Abstract: Within the higher education system, criteria for promotion based on research quality and contribution are well established and widely accepted. For teaching, on the other hand, such criteria have generally not been developed and implemented to the same degree. This poses a challenge for the implementation of the Conceive-Design-Implement-Operate (CDIO) standards 9 and 10, which deal with the enhancement of faculty CDIO skills and faculty teaching skills. To be able to implement these standards successfully, universities need to have in place effective ways of evaluating teaching contribution and professional engineering experience. To support the implementation of CDIO standards 9 and 10, excellence in teaching and progressive educational development based on engineering experience must be acknowledged and rewarded. This paper compares hiring and promotion policies and criteria for the evaluation of teaching contribution and educational development in four selected universities in Europe and North America. Conclusions are drawn with regard to the CDIO standards 9 and 10 and perspectives for future development of such criteria discussed.
    Keywords: Promotion; Academic; Criteria; Hiring policies; Education; Educational development; Skills; Engineering; Experience and search good; SOTL; Formation des maîtres; Carriere; Enseignant; Formation des maîtres; Reconnaissance des formateurs; Pédagogie; Pedagogical model; Pedagogical method
    Date: 2013
  7. By: Erikson Arcaira; Stephen Coleman; Jacly MacFarlane; rea Palmiter; Brenda Turnbull; Beatirce Birman; Erin Dunlop; Jane Hannaway; Umut Ozek; Steve Glazerman; Elias Walsh; Michael Feurer; Maxine Freund; Taunya Nesin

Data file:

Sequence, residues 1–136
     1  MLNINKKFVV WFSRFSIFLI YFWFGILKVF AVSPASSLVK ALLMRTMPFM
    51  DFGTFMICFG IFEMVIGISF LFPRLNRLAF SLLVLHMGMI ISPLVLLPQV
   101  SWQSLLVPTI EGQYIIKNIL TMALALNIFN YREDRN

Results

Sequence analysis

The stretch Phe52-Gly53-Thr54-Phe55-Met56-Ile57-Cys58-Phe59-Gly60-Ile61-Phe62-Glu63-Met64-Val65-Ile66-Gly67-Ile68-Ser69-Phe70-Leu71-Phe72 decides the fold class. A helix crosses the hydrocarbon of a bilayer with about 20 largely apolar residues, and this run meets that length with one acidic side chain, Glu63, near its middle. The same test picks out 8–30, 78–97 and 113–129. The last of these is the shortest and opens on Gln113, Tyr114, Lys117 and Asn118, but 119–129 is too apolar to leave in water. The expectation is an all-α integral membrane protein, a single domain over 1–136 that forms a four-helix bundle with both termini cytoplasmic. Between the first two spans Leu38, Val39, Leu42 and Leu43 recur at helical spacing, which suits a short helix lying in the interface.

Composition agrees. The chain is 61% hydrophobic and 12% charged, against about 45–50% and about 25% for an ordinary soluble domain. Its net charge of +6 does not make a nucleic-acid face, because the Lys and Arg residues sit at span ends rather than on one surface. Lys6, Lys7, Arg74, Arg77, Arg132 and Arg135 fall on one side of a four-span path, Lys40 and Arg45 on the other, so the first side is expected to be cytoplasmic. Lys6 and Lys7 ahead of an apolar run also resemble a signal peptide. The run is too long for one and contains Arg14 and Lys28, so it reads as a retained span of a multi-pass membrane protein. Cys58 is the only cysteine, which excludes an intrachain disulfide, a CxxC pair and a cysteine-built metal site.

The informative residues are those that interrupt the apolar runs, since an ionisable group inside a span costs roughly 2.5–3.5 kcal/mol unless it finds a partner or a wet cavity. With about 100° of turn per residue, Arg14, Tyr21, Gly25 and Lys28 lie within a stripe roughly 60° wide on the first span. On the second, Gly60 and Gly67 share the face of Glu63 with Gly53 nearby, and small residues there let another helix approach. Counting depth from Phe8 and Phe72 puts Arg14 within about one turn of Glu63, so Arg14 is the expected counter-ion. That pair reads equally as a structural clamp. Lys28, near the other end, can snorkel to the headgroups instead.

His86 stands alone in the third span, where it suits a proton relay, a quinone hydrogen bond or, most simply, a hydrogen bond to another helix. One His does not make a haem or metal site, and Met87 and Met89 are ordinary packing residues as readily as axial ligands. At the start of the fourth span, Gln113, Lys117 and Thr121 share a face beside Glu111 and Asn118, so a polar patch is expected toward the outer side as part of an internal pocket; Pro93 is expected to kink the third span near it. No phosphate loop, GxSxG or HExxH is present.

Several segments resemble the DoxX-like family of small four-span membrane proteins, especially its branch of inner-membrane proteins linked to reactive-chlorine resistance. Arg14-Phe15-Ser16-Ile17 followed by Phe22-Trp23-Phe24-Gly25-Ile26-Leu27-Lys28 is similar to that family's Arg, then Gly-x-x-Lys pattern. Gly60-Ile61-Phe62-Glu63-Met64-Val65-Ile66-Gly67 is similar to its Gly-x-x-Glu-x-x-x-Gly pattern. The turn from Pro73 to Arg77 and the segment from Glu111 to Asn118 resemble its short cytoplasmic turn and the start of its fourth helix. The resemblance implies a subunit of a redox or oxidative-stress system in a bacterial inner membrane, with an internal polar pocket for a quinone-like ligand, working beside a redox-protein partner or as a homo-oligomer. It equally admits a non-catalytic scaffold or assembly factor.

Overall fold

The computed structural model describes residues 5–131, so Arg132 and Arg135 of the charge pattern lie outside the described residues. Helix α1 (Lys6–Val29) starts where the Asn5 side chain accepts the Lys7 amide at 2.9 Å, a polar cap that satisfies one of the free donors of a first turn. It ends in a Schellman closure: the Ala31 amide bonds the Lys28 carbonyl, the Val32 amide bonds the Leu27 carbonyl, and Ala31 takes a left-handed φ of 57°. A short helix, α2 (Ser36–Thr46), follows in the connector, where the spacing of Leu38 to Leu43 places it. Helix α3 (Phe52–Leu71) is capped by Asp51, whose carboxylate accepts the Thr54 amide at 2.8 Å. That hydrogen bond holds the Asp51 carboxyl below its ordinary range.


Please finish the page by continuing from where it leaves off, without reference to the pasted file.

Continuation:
Keywords: Special Education, science, technology, engineering, mathematics, STEM, Education
    JEL: I
    Date: 2013–07–15
  8. By: Solis, Alex (Department of Economics)
    Abstract: Does limited access to credit explain some of the gap in schooling attainment between children from richer and poorer families? I present new evidence on this important question using data from two loan programs for college students in Chile. Both programs offer loans to students who score above a threshold on the national college admission test, enabling a regression discontinuity evaluation design. I find that students who score just above the cutoff have nearly 20 percentage points higher enrollment in first, second and third year than students who score just below, which represent relative increases of 100% , 213% and 446% respectively. More importantly, access to the loan program effectively eliminates the family income gradient in enrollment among students with similar test scores.
    Keywords: college enrollment; credit constraints; income gap; college dropout; Chile